The most important job on a drilling rig is making it back home. The work cannot be done without the workers, which is why safety is so paramount in the oft-dangerous energy industry.

Companies are protecting their workers by advancing technology and implementing more automation into their processes. Nabors Industries recently unveiled a new solution that touts greater safety and efficiency.

Their solution: the Canrig Red Zone Robotics Rig Floor, or RZR — pronounced “razor.” The technology retrofits a “robotics module” on existing rigs to become hands free with a rig floor and derrick clear of people, said Travis Purvis, Nabors’ senior vice president of global operations.

“This is automation that exists on our rigs now whereby we can get people off the rig floor and derrick and out of harm's way, while drilling and still getting an efficient drilling outcome,” Purvis said.

Avoiding the ‘red zone’

The idea for RZR came from Nabors’ belief that they “had to develop technology that would get people completely out of these red zones,” which are high-risk areas on the drill floor, he said.

Such red-zone areas include anywhere near the drill bit or pipe, as well as the derrickman position that is often 90 feet high, said Brian Brooks, Nabors senior marketing director.

Nabors new RZR Rig Floor Automation Module, already tested on Exxon Mobil wells in the Permian Basin, looks to keep workers safe with a fully autonomous rig floor
(Source: Nabors Industries)

“This is very much a ‘have your cake and eat it too’ type of technology. We can move people out of those red zones and give them new value-added tasks on the rig without compromising performance.” —  Travis Purvis, Nabors

“What's incredible about RZR is we're delivering high-spec rig performance with nobody in those areas,” Brooks said.

The RZR drew inspiration from the Nabors newbuild PACE-R801 robotic drilling rig, which is Nabors’ first fully-automated land rig. Like the R801, the RZR combines drilling automation software with advanced robotics technology to fully automate drilling, but at a “fraction of the cost of a newbuild,” Purvis said.

The RZR Rig Floor can retrofit onto any electrical alternating current rig, onshore or offshore, and create an autonomous environment in which drillers are able to monitor operations from the driller’s cabin. All Nabors RZR features are enabled through its rig operating system, SmartROS, which can be installed on existing rigs and used to control its own or third-party equipment.

Permian Basin tryout

The RZR automates repeatable tasks and can make drilling connections in and out of hole. Its iRacker feature is a fully autonomous, triple-racking tubular-handling system that enables hands-free pipe handling and on- and offline stand building. The hands-free pipe handling keeps floor hands and derrick hands out of red zones.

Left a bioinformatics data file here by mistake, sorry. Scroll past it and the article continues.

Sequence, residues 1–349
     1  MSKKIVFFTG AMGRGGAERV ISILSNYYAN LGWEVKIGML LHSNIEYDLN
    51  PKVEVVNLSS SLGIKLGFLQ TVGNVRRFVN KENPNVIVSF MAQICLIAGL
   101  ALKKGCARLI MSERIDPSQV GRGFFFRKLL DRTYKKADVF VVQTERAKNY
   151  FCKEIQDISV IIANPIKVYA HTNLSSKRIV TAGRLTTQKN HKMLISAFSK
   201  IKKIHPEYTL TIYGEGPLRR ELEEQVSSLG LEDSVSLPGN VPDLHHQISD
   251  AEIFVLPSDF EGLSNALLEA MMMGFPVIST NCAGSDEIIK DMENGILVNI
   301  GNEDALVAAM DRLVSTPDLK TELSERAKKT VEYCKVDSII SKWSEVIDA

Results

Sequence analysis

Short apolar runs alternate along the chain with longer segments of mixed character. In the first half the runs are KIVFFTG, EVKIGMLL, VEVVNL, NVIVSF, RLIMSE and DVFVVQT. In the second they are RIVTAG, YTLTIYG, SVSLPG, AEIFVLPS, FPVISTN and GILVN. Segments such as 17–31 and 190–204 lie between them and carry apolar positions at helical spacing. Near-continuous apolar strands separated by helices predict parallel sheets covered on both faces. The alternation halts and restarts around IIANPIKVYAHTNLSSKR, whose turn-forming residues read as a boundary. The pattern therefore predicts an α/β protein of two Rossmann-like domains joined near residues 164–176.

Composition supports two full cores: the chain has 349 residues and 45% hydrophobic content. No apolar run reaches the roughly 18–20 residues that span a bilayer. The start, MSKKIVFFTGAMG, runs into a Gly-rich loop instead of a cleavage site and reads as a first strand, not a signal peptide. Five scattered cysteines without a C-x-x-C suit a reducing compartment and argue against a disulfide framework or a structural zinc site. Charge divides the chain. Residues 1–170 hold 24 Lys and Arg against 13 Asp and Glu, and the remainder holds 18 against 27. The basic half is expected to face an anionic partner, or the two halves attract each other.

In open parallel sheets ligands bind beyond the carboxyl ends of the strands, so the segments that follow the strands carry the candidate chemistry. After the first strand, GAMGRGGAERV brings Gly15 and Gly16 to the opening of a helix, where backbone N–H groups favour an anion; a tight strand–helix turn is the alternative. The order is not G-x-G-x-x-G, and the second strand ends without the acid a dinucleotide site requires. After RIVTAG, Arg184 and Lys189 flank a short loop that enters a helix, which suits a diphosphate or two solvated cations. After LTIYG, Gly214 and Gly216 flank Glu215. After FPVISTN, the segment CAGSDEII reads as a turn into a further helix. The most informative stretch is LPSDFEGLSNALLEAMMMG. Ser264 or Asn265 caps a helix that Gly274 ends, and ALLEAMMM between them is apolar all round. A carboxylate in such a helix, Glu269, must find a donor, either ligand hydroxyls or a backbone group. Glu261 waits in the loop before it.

“This is very much a ‘have your cake and eat it too’ type of technology,” Purvis said. “We can move people out of those red zones and give them other tasks on the rig and, at the same time, have a safe outcome and highly predictable outcome in terms of operational performance.”

Nabors new RZR Rig Floor Automation Module looks to keep workers safe with a fully autonomous rig floor
(Source: Nabors Industries)

But, for Nabors to enjoy this cake in the first place, they needed a partner that would allow them the ability and flexibility to equip one of their rigs with the new RZR technology. In Exxon Mobil, they found a partner with a shared emphasis on safety.

“What Exxon's provided is a like-mindedness in terms of a firm belief that we've got to get people out of red zones,” Purvis said.

He noted the supermajor, as a first adopter, provided a posture and a technology alignment with Nabors that allowed the company to prove the concept. 

By late 2022, Nabors had equipped one existing rig – X29 – with RZR technology and drilled four wells in the Permian Basin for Exxon Mobil. With Nabors working on the fifth well, RZR has proved to be both “reliable and efficient,” Purvis said. Although scaling and expanding the technology is the logical next step, Purvis also has other ambitions.

“We're convinced that this technology is the future, and we will see this deployment, over time, on the broader Nabors fleet,” he said. “Our hope and expectation is that we see this technology deployed on third-party rigs as well. This is not technology that we're holding in a closed hand that's ours and ours alone. We're very interested in holding this with an open hand and allowing access to this and availability of this to a broader industry.”